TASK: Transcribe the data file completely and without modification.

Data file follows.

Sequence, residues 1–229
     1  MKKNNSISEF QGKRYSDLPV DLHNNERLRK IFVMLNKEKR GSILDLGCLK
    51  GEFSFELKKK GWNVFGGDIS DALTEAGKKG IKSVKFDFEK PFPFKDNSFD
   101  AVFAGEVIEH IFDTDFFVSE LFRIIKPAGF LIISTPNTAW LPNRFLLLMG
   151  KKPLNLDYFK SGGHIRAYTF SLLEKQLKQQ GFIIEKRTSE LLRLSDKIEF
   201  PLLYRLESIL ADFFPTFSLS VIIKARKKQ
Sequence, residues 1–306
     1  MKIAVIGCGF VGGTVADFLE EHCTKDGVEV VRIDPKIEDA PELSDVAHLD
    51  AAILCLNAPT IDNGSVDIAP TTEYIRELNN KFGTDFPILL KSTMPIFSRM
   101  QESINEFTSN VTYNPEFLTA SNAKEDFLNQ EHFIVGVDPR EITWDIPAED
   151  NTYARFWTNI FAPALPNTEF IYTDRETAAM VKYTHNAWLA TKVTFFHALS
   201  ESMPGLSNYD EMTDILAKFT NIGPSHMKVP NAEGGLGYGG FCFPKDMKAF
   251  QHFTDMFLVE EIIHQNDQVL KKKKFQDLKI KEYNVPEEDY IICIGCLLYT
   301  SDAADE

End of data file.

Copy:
Sequence, residues 1–229
     1  MKKNNSISEF QGKRYSDLPV DLHNNERLRK IFVMLNKEKR GSILDLGCLK
    51  GEFSFELKKK GWNVFGGDIS DALTEAGKKG IKSVKFDFEK PFPFKDNSFD
   101  AVFAGEVIEH IFDTDFFVSE LFRIIKPAGF LIISTPNTAW LPNRFLLLMG
   151  KKPLNLDYFK SGGHIRAYTF SLLEKQLKQQ GFIIEKRTSE LLRLSDKIEF
   201  PLLYRLESIL ADFFPTFSLS VIIKARKKQ
Sequence, residues 1–306
     1  MKIAVIGCGF VGGTVADFLE EHCTKDGVEV VRIDPKIEDA PELSDVAHLD
    51  AAILCLNAPT IDNGSVDIAP TTEYIRELNN KFGTDFPILL KSTMPIFSRM
   101  QESINEFTSN VTYNPEFLTA SNAKEDFLNQ EHFIVGVDPR EITWDIPAED
   151  NTYARFWTNI FAPALPNTEF IYTDRETAAM VKYTHNAWLA TKVTFFHALS
   201  ESMPGLSNYD EMTDILAKFT NIGPSHMKVP NAEGGLGYGG FCFPKDMKAF
   251  QHFTDMFLVE EIIHQNDQVL KKKKFQDLKI KEYNVPEEDY IICIGCLLYT
   301  SDAADE